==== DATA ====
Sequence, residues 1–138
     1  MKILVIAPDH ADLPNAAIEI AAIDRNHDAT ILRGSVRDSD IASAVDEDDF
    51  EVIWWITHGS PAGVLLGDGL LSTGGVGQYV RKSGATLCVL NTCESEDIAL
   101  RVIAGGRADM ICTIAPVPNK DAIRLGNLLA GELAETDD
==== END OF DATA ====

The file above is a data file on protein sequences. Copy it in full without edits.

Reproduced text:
Sequence, residues 1–138
     1  MKILVIAPDH ADLPNAAIEI AAIDRNHDAT ILRGSVRDSD IASAVDEDDF
    51  EVIWWITHGS PAGVLLGDGL LSTGGVGQYV RKSGATLCVL NTCESEDIAL
   101  RVIAGGRADM ICTIAPVPNK DAIRLGNLLA GELAETDD